Notice that part (d) gives a big hint about the two things (in addition to context) that students should include in their interpretation of a p-value: probability of obtaining 23 or more correct predictions in 32 races, assuming that the competent-face method would be correct for 50% of all races in the long run.  I do not give these hints later in the course, when I expect students to have a firmer grasp of interpreting a p-value, but I think such a hint is appropriate and helpful early on.


4. Suppose that a tire manufacturer believes that the lifetimes of its tires follow a normal distribution with mean 50,000 miles and standard deviation 5,000 miles.

  • a) Based on the empirical rule, 95% of tires last for between what two values?
  • b) How many standard deviations above the mean is a tire that lasts for 58,500 miles?
  • c) Determine the probability that a randomly selected tire lasts for more than 58,500 miles.
  • d) Determine the mileage for which only 25% of all tires last longer than that mileage.  Show how you arrive at your answer.
  • e) Suppose the manufacturer wants to issue a money-back guarantee for its tires that fail to achieve a certain number of miles.  If they want 99% of the tires to last for longer than the guaranteed number of miles, how many miles should they guarantee?  Show how you arrive at your answer.

Parts (a)-(d) are routine questions about the empirical rule, z-scores, and calculating probabilities and percentiles from normal distributions.  I think these provide good practice of the basics of what students are to have learned in class that day.  Students can use a table of standard normal probabilities, or a calculator with a normal probability function, or a software tool to answer parts (c) and (d).

Part (e) is not especially hard, but it does trip up a few students.  Can you guess a fairly common mistake that I find very disheartening?  The correct z-score is -2.326, so the correct answer for the lifetime to be guaranteed is 50,000 – 2.326×5000 ≈ 38,370 miles.  But some students look up the z-score for the 99th percentile and obtain positive 2.326, which produces an answer of 50,000 + 2.326×5000 ≈ 61,630 miles.  I always cringe at this response, because these students have not noticed that their calculation does not make sense: This answer would mean that the company would give 99% of customers their money back!  I also cringe because these students have neglected to follow my first piece of advice about calculations involving normal distributions: Start with a sketch!  If they included with a sketch, they would have seen that only 1% of tire lifetimes exceed 61,630 miles, and 38,370 miles is the value for which 99% exceed that lifetime:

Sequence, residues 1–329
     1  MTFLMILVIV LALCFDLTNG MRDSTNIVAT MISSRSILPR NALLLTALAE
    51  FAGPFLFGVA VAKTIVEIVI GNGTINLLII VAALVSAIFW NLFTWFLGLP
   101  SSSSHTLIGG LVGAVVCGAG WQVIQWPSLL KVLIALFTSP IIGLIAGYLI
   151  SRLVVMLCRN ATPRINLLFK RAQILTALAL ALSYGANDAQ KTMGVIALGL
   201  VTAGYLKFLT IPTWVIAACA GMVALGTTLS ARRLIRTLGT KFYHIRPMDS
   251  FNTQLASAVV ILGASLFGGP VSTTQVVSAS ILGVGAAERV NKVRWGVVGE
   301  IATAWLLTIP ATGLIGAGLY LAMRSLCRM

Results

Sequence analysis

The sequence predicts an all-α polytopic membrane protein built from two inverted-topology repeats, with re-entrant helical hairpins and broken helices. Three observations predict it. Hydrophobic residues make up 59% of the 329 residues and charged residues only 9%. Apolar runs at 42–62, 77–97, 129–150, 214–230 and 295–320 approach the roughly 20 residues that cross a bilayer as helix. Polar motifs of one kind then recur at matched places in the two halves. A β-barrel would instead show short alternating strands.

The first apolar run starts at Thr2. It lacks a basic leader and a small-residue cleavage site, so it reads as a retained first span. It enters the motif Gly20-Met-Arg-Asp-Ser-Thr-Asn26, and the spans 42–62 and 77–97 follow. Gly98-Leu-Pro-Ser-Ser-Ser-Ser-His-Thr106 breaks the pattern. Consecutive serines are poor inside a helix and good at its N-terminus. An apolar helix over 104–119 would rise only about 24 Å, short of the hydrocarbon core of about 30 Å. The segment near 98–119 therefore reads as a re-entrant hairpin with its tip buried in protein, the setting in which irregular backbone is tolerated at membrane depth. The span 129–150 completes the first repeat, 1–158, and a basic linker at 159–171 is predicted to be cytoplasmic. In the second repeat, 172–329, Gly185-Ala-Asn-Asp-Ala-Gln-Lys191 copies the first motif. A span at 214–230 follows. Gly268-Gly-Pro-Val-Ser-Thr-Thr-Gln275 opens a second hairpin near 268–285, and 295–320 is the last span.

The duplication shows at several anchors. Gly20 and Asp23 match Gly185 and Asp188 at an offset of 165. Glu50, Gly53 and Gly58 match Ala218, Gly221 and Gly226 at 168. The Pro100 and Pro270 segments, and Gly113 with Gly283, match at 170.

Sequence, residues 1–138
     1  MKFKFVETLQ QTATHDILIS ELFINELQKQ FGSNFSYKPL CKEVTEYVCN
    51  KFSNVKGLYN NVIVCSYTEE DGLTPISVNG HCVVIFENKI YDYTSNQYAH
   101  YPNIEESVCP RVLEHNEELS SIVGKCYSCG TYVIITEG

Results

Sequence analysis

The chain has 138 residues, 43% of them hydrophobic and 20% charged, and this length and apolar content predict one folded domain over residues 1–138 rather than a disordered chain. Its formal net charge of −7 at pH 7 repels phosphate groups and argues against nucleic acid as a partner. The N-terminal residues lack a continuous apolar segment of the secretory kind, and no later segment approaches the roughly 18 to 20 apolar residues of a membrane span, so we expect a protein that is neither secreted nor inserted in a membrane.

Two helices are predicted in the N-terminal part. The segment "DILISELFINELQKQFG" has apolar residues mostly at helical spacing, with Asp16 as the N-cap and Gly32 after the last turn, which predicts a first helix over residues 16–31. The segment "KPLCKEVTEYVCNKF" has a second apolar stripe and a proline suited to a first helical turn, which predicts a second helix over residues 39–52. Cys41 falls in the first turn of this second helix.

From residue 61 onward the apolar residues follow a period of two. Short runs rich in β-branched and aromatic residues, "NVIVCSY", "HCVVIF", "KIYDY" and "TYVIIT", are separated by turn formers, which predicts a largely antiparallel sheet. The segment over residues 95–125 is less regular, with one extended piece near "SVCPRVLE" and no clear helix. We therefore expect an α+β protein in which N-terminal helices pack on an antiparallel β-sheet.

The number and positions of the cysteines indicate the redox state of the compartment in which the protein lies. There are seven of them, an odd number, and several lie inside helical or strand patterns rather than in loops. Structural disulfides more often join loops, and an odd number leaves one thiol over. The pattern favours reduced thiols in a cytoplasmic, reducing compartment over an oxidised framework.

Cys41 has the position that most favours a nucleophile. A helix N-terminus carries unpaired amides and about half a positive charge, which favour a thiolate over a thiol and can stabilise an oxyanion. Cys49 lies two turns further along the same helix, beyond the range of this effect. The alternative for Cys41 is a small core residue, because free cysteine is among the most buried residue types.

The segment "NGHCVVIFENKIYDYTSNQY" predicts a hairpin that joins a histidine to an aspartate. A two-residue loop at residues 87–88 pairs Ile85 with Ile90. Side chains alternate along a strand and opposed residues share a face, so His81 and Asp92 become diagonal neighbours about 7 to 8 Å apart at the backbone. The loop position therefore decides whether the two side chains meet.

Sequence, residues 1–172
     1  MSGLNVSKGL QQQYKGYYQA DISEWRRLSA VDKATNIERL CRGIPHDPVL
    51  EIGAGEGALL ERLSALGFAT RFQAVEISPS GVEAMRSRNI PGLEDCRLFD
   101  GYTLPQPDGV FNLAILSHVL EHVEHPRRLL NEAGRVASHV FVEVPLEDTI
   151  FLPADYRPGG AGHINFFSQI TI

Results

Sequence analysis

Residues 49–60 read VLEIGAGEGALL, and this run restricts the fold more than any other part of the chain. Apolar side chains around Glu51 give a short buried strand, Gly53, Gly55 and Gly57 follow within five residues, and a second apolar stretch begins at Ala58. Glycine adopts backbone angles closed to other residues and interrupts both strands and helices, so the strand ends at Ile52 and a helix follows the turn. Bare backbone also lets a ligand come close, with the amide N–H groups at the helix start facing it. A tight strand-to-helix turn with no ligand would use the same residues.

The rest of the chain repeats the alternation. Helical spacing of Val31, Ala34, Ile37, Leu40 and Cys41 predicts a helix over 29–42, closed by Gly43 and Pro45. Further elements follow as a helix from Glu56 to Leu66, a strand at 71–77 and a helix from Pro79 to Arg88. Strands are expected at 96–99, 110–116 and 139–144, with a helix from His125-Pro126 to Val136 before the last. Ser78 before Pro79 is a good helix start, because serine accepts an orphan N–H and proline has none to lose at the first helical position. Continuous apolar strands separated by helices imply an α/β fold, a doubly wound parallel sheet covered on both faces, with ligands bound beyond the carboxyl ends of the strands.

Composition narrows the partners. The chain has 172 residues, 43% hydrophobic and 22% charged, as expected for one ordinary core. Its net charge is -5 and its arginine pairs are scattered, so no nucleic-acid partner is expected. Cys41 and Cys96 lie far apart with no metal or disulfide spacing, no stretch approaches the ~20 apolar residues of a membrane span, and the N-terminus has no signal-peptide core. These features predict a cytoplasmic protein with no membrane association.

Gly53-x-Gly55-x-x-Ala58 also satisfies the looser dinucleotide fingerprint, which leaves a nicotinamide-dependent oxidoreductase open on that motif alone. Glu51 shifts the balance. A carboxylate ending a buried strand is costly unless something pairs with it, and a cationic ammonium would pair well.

5. Recall the formula for the z-test statistic when conducting a hypothesis test about a proportion:

  • a) What does the symbol p-hat* represent?  (Be as specific as possible.)
  • b) What does the symbol pi_0* represent?  (Be as specific as possible.)
  • c) What does the symbol n represent?
  • d) For a given value of n, what happens to the absolute value of the test statistic as the difference between p-hat and pi_0 increases?
  • e) For a given value of n, what happens to the p-value as the difference between p-hat and pi_0 increases?

* Students see the symbols rather than the words p-hat and pi_0 here.

Parts (a)-(c) simply ask students to explain what three symbols represent.  I grade parts (a) and (b) very strictly.  Full credit for part (a) requires saying that the p-hat symbol represents a sample proportion.  A response to part (b) must mention a hypothesized value of the population proportion, with all three italicized words required for full credit.  I think these are worthwhile questions, because it’s crucial for students to recognize what these symbols mean in order to understand hypothesis testing about a proportion.

Students can think about parts (d) and (e) either conceptually or mathematically.  The z-statistic measures the difference between the sample proportion and the hypothesized value of the population proportion in terms of number of standard deviations.  A larger difference produces a larger absolute value of the test statistic.  A larger difference also provides stronger evidence against the null hypothesis and therefore a smaller p-value.


6. A Harris Poll that surveyed 2225 adult Americans on October 14-19, 2015 found that 29% reported having at least one tattoo.

  • a) Is 29% (.29) a parameter or a statistic?  What symbol do we use for it?
  • b) Determine (by hand) a 95% confidence interval for the relevant parameter.
  • c) Interpret this interval: You’re 95% confident that __________ is between ____ and ____ .